The Orange County Register published a smart editorial this week. It makes the point that most of the opponents of Common Core agree with: this is not about whether the standards are being lowered for some states and raised for others, or any other academic argument. This is about avoiding getting sucked into the central planning vortex. Below is a good chunk of that editorial. Read the rest at this link:
ORANGE COUNTY REGISTER
May 31, 2013
Classroom no place for central planning
Common Core not right path for raising performance of American students.
We’re hopeful that the recent spate of scandals out of Washington will cause more Americans to think twice before ceding more authority to government. If there’s any good to be derived from the revelations of misconduct at the Internal Revenue Service and the Justice Department, it’s an increased recognition that the state can’t be blindly trusted to discharge its fiduciary duties to its citizens.
There is perhaps no issue where this insight is as valuable as education. Government involvement in our children’s schools represents a tremendous concession of sovereignty. By allowing the state to set the parameters of what children learn in their formative years, we grant government sweeping influence to form their character and shape their understanding of the world. This is a natural byproduct of widespread public education. We can, however, keep it from getting worse.
The first step is to resist Common Core, a set of nationwide K-12 curricular standards developed by the National Governors Association and the Council of Chief State School Officers. Thus far, 45 states, including California, have signed on to Common Core.
…The problem… is the centralization of power that Common Core introduces. Defenders of the program will note that states are not mandated to adopt Common Core – which is true only in the most technical of senses. The Department of Education has already made adoption of the program a factor for receiving grants from the Race to the Top program, as well as a condition of receiving waivers from No Child Left Behind. It’s a virtual certainty that the amount of federal money tied to Common Core will only increase. What Washington can’t get through coercion, it can usually achieve through bribery.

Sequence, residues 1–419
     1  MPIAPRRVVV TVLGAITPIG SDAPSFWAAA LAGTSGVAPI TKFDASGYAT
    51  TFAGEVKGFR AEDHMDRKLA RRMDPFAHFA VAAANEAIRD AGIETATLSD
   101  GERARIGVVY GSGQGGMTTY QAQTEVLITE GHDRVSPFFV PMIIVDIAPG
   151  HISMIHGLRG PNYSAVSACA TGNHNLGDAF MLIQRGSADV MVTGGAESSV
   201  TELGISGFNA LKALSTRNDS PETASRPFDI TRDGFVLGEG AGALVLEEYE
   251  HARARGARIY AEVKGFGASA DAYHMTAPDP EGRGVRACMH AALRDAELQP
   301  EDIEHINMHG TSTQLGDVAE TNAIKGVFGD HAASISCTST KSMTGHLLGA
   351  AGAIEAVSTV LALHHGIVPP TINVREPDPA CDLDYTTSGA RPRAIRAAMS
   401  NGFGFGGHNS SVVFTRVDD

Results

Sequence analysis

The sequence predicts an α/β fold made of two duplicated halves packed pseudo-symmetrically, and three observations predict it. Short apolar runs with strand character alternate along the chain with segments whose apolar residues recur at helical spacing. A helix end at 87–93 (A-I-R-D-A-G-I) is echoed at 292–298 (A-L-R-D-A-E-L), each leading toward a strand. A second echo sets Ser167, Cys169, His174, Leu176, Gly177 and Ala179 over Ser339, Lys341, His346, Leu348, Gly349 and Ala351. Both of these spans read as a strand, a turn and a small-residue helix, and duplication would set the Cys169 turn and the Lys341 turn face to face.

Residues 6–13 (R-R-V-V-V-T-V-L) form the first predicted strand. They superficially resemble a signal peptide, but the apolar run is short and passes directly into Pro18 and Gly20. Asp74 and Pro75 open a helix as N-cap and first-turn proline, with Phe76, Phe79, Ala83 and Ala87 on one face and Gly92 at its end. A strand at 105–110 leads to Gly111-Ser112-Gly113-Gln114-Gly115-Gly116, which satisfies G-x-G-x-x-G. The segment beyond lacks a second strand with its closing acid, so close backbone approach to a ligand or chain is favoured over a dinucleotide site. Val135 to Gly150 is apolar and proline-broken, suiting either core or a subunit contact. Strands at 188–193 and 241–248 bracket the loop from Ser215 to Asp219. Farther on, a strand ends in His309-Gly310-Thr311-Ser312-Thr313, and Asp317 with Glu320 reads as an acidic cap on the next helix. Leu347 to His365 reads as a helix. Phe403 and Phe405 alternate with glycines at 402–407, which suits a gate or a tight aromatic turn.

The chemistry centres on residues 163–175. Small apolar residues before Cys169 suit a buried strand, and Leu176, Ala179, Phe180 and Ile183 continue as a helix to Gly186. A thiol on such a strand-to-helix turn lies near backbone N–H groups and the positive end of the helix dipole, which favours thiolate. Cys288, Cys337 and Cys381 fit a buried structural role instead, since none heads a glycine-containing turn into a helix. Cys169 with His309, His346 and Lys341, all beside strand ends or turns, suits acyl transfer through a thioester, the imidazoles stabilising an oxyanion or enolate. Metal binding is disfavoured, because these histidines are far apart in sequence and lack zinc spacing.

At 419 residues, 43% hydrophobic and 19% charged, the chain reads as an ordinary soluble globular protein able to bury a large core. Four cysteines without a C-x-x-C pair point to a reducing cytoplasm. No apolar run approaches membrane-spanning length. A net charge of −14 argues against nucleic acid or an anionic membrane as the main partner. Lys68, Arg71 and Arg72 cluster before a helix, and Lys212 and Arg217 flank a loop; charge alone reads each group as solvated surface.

We’ve long insisted that one of the keys to meaningful education reform is decentralizing power. As often as possible, decision-making should devolve to parents, teachers, and state and local authorities. When it comes to shaping America’s next generation of citizens, one size cannot fit all. Education ought to be our children’s first introduction to the marketplace of ideas, not to a government monopoly.
We applaud the impulse to raise the quality of the nation’s schools – but such efforts should be undertaken freely and subject to competition in the marketplace. Central planning is always inefficient and dangerous. We find it doubly so with education.